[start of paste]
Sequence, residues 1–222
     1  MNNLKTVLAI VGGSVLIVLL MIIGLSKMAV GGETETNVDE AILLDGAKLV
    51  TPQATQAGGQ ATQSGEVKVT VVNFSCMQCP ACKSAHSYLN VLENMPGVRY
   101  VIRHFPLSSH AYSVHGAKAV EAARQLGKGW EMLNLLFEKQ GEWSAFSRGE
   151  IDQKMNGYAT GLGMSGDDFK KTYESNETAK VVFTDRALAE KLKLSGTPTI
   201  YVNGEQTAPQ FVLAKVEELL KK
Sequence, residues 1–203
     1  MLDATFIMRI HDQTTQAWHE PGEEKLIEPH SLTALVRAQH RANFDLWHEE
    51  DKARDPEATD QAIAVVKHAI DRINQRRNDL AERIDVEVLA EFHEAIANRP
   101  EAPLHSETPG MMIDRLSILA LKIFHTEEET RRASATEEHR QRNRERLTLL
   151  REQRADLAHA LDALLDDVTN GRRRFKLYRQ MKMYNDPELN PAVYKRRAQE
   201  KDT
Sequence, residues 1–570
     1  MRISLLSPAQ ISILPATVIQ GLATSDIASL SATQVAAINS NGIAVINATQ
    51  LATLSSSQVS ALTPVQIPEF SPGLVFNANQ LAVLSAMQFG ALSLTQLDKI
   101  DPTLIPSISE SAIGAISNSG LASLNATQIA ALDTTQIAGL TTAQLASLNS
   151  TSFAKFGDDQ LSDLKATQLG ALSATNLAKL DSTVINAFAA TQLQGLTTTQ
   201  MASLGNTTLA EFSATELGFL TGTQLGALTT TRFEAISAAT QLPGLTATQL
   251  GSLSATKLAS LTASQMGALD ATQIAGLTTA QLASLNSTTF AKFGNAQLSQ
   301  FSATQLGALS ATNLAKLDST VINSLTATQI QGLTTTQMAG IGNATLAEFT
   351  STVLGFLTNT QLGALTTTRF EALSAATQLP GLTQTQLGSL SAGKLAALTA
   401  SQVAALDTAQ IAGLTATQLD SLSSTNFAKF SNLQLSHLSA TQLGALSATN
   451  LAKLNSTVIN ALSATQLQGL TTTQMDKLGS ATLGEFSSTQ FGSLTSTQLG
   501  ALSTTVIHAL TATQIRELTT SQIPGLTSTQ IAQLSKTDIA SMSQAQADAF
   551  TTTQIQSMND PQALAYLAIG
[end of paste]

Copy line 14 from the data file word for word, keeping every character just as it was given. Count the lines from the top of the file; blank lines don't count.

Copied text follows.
     1  MRISLLSPAQ ISILPATVIQ GLATSDIASL SATQVAAINS NGIAVINATQ